The district court determined that Illinois law governed the contract claim and that Missouri law governed the tort claim. The court then determined that though Illinois law allowed for the possibility that an employee handbook might constitute a binding contract, World Book's policy manual was not sufficiently definite to qualify as a contract. The court also determined that summary judgment in favor of Scott on the tort claim was appropriate because there was no evidence that any of Scott's actions lacked justification. Gibb appeals.
On appeal (as in the district court), the parties disagree over whether Missouri or Illinois law applies to the contract claim. Although we do not find any particular fault with the district court's conclusion that Illinois law governed this claim, we affirm because World Book was entitled to summary judgment regardless of which forum's laws applied.
Under Missouri law, Gibb would have been considered an at-will employee because his written contract with World Book was terminable by either party for any reason. The policy manual would not have altered this relationship because Missouri law does not permit an employee handbook to alter the at-will relationship. Johnson v. McDonnell Douglas Corp., 745 S.W.2d 661, 662-63 (Mo.1988) (en banc). Thus, if Missouri law applied, Gibb would lose his contract claim.
Under Illinois law, Gibb obtained no enforceable rights under his written contract. However,
an employee handbook or other policy statement creates enforceable contractual rights if the traditional requirements for contract formation are present. First, the language of the policy statement must contain a promise clear enough that an employee would reasonably believe that an offer has been made. Second, the statement must be disseminated to the employee in such a manner that the employee is aware of its contents and reasonably believes it to be an offer. Third, the employee must accept the offer by commencing or continuing to work after learning of the policy statement.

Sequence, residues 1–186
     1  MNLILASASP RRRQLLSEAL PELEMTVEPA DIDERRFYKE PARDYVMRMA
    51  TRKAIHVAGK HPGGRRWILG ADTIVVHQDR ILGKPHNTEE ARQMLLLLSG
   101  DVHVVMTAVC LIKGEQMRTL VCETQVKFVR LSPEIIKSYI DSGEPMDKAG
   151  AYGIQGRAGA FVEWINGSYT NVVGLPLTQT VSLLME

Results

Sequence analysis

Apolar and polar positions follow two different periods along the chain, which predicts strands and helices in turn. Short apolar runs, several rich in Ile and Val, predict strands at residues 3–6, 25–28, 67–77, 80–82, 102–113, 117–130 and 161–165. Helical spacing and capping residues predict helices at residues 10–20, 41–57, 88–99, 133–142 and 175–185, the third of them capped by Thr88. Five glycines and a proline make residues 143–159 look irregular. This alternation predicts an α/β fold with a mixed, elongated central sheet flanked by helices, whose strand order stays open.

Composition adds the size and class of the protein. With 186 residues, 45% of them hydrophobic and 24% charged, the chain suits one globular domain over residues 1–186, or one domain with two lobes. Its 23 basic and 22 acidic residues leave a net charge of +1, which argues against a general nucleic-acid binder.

Duldulao v. Saint Mary of Nazareth Hosp. Ctr., 115 Ill. 2d 482, 106 Ill.Dec. 8, 12, 505 N.E.2d 314, 318 (1987). World Book's policy manual fails Duldulao's first requirement because it does not contain a clear promise that an employee would be justified in interpreting as an offer. Although the first sentence of the termination policy states that the company has established policies that must be followed, the very next sentence states that the company reserves the right to skip "one or more" of the steps depending upon the "seriousness of the conduct in question." The manual does not establish a method for determining which steps will be skipped, nor does it establish a hierarchy of "serious conduct" from which an employee can determine when steps in the termination process will be bypassed. Consequently, there is no clear promise to use the procedures, so the policy manual cannot be treated as an implied contract.
Gibb contends we should attach no meaning to the sentence purporting to preserve World Book's discretion because it renders the meaning of the entire paragraph too vague to have any meaning and thus does not clearly state what rights are possessed by the employees. This argument proceeds from the premise that the handbook represents a contract; however, the vagueness Gibb points to is precisely what prevents the handbook from making a definite promise sufficient to transform the handbook into a binding contract under Duldulao.